The cast of The Plough and the Stars before going on stage last night
Staging a theatrical classic can be a minefield. You have to be reverential to the text yet you also have to put your mark on it, your interpretation.
That was done with aplomb last night by the Barnstorm Theatre Company with Sean O'Casey's The Plough and the Stars set in Easter 1916. It runs for two more nights in the Watergate and it is marvellous and well worth seeing.
Director, Philip Hardy captures the essence of the play written in 1926 and he had the audience in the palm of his hand from the opening salvos with his nifty, intelligent direction.
Central to the success of the play is Aoibhin Murphy as Nora Clitheroe, the wife of the young volunteer during the 1916 Rising. It was not just her ability to do justice to the part but it was her presence, her movement, her everything.
The play is not what you would expect, a boring retelling of the 1916 tale but a bold statement of life for the ordinary mortals during that conflict and it is laced, very strongly with humour.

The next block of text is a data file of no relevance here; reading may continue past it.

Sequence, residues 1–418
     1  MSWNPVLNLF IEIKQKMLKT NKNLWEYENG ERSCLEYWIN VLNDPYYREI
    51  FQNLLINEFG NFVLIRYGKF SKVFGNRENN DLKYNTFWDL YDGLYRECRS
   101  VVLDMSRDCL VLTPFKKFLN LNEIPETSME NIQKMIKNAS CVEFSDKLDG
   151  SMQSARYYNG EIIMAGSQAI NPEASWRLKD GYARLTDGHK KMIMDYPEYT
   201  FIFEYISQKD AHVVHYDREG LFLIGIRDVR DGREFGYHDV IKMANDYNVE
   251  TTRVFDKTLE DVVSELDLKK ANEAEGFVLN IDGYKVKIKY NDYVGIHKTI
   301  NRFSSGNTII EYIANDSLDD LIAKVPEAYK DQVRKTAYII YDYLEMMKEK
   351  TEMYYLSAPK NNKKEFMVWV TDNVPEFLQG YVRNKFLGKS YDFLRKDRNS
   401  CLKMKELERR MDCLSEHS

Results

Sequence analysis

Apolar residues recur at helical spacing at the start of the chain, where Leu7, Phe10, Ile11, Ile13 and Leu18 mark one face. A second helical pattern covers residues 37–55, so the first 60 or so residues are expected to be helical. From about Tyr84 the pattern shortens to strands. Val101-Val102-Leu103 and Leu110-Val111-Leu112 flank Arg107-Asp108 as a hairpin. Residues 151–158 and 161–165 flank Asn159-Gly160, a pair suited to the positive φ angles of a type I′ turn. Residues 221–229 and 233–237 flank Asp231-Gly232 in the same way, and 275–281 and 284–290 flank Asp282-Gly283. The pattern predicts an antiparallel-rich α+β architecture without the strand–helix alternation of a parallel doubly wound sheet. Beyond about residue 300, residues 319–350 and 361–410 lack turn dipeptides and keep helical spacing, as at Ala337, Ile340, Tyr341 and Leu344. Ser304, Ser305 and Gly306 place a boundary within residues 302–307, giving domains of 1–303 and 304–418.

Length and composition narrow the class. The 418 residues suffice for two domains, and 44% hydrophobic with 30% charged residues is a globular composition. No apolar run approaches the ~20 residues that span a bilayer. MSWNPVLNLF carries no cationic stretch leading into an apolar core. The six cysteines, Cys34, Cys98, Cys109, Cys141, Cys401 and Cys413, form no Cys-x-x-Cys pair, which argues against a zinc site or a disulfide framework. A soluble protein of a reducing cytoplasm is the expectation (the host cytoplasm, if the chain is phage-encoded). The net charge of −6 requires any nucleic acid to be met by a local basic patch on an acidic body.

Fluther, played by Niall Bambrick delivers some of the best lines with a deftness of touch and a professionalism that would brighten up any evening out. He and Mags Whitely as Bessie Burgess are magical and you want to soak up every word they deliver.
Another actor central to the success of the play is Paula Drohan as Mrs Grogn. Again she holds the stage and is utterly believable.
That's not to take from the performances of John Prendergast (Jack Clitheroe), Captain Brennan played by Philip Brennan, the hilarious Jim Carroll as Uncle Peter and Sean Walsh as Young Covey.
It runs for two more nights.
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